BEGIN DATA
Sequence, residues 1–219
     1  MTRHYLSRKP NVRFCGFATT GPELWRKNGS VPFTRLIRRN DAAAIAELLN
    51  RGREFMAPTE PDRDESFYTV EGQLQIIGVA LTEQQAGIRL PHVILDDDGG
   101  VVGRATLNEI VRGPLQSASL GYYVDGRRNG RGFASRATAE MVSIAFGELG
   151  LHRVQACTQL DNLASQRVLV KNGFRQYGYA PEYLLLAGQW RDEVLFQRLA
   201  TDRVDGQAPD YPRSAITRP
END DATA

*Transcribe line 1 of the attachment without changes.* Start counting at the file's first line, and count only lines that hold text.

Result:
Sequence, residues 1–219